Chegg.com launched in 2007 as a website for college students to buy and sell used textbooks. In the past couple of years, Chegg has evolved into a community platform with a range of data on an elusive market: high school and college students.
Elizabeth Harz, Chegg's VP of business development, says, "There are a number of points along the student life cycle where technology and a large national platform that takes advantage of mobile, search and social networks could help reinvent education and save students a lot of time and money."
Today, Chegg connects with students in high school as they decide where to attend college, staying connected throughout their college years and even into their first jobs. AdExchanger spoke to Harz about the data Chegg collects on students and how brands leverage data for strategic partnerships and targeted marketing.
AdExchanger: How much penetration do you have among college students, and what kinds of data do you collect on them as they work across your platform?
ELIZABETH HARZ: We talk about how Facebook is the social graph and LinkedIn is a professional graph. Chegg is the student graph. The data piece is extremely interesting because not only do we reach approximately 30% of college students...we also have very rich and interesting data on these students. They are visiting, they are transacting and they are sharing with us what courses they're taking, what books they're renting and information such as gender, class year, major. That's extremely interesting for us and for the brands that we work with as well. [Note: Chegg declined to release the exact number of college students on the platform, simply saying there are "millions."]
Your target audience is 16- to 25-year-olds. What trends do you notice about this group?
A lot of marketers talk about this audience as extremely skeptical and tuning out a lot of marketing because they're so inundated by media messages on all platforms. But what we find is that students are actually just very savvy. They are very receptive and, in reality, can be a brand's best advocate, but it depends on the way that the brand interacts with the audience. There is a need to be authentic, to add value and to speak to the audience appropriately, in the right format with the right messages.
Can you give us some examples of that?
Red Bull is a big partner of ours. They have a big student sampling team that they run themselves, and then they work with us to get samples to any geographies and campuses where they don't have brand ambassadors. For example, in January, Red Bull put a couple hundred thousand cans in the boxes that went out to our students who were renting physical textbooks with a cute marketing message saying, 'Nobody ever wishes they'd slept more during college.' There was no hashtag mentioned or specific call to action, but tons of students retweeted that message directly. They were just so delighted that Red Bull invested in them, providing a can of Red Bull along with their books for the semester.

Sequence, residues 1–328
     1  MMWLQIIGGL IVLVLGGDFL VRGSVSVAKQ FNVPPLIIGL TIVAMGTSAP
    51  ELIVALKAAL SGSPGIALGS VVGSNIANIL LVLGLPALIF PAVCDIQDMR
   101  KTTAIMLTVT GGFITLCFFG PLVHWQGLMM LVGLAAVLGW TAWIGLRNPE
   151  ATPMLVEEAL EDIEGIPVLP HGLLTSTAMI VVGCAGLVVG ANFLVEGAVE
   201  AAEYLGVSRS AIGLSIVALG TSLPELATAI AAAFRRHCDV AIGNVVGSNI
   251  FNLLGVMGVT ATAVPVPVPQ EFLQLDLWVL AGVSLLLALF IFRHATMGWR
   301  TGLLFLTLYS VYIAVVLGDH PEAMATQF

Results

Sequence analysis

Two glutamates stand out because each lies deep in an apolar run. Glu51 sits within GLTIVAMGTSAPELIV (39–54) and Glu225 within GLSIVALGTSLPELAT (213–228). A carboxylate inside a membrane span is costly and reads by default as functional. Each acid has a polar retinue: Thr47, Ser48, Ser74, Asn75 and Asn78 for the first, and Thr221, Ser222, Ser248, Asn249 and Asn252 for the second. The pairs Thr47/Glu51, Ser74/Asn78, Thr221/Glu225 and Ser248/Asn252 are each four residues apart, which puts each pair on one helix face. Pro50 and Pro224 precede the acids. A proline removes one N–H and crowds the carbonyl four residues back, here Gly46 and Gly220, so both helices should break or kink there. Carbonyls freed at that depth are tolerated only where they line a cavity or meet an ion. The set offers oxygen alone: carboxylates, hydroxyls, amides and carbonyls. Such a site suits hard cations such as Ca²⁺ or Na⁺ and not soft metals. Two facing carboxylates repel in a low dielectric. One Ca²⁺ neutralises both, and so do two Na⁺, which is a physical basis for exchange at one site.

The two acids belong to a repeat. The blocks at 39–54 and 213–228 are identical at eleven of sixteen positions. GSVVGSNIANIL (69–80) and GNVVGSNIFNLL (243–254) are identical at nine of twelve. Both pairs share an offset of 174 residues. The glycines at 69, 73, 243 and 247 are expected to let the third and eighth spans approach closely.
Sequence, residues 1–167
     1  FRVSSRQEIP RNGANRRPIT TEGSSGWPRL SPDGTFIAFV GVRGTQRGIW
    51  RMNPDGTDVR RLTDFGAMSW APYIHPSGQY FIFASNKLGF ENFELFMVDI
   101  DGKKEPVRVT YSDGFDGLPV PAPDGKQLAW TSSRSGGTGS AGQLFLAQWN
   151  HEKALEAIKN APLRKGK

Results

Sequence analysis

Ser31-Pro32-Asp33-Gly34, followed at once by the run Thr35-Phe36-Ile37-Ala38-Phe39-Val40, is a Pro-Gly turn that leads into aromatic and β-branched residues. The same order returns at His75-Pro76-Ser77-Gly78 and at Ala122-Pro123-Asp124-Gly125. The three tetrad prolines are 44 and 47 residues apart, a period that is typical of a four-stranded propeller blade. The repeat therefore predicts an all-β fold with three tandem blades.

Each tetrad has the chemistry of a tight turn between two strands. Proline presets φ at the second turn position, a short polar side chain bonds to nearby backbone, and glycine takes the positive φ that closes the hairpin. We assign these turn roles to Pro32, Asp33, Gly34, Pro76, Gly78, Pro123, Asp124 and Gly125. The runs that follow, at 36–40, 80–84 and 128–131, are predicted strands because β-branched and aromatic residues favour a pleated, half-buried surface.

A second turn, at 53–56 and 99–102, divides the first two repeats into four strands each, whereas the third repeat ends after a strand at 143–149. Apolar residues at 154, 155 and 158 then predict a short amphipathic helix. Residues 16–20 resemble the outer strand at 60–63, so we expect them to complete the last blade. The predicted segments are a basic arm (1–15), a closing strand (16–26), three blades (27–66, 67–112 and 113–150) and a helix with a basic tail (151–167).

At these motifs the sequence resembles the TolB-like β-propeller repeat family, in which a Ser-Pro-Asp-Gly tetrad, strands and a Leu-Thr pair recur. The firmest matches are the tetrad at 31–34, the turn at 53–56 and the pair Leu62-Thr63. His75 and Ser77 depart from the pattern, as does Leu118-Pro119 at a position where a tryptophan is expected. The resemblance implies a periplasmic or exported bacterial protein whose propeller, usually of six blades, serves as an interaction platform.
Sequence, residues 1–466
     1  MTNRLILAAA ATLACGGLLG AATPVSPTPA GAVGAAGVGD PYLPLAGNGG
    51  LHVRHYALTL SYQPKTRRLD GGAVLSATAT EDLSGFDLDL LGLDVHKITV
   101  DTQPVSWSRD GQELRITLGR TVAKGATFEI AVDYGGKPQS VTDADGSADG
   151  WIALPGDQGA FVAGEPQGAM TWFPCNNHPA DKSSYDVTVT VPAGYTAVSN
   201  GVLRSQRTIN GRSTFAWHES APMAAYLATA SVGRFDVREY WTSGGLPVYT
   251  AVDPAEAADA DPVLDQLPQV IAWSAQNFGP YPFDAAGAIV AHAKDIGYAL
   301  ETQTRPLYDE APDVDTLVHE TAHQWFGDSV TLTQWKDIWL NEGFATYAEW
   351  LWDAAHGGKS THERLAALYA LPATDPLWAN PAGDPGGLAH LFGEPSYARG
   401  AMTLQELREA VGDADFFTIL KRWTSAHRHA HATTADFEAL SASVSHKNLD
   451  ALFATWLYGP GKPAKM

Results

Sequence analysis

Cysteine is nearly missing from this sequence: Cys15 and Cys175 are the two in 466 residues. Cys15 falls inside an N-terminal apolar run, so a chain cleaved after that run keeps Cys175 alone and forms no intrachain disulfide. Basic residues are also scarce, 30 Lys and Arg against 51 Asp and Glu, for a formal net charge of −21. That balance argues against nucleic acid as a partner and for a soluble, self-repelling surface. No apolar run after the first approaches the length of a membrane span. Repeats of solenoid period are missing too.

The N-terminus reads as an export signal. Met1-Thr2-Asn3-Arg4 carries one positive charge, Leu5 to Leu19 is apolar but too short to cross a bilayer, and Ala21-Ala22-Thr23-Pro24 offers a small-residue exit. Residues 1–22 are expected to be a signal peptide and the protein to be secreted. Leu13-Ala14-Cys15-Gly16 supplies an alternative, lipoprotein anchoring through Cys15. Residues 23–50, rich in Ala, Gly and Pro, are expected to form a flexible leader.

A lot of the partners that we work with – including brands such as Bed, Bath & Beyond, Nordstrom and HP – have done product scholarships for students. Brands can promote financial scholarships that they already have or create them and promote them to students, but a number of them have also done these product scholarships. HP gave away a laptop and gaming console. Bed, Bath & Beyond also did a great promotion for back-to-school last year that had a number of different aspects, including a scholarship for books for a number of students and a dorm scholarship. Brands can provide all these different pieces that are a huge help for students and their families as they face the expense of school.
Do you have advertising on the site at all, or do you mostly work with brands for integrated programs?
We do have ads. You need to communicate to students about the brand and how we're working together, so there's certainly promotional real estate throughout the network. We basically have three sets of assets, and the first bucket is digital, which is everything you can imagine: digital ads, video, mobile, social, all the usual suspects.
The second bucket is our boxes. We send millions of boxes to students every year with the books that they are renting, and there are lots of cool things brands can do with the box, whether it's a sample of shampoo in the box or a paper insert with a coupon or a catalog. Brands can also co-brand the actual box.
The third bucket is our experiential offerings. We do everything from brand ambassador work to a national music festival to individual events on campuses for back-to-school. We worked with great brands like PayPal and Microsoft and others on the on-campus front.
Looking at these partnerships and these integrated campaigns, how much do you leverage the data that you're collecting while developing these, and how do brands take advantage of all this information that you have about the students?
They do extensively. These are strategic partnerships where we're trying to leverage the relationship to do great things for students. We use things as basic as gender targeting all the way down to majors to make sure that students are getting personalized, relevant offerings. As an example, a recent partnership we did with Adobe focused on students with a creative focus in their coursework and made sure that they were given the information and the opportunity to enhance their employability. Students had a positive experience because we were able to use the extensive data that we have, find the right students, prepare the right messaging, depending on their year of study and the major that they're in.
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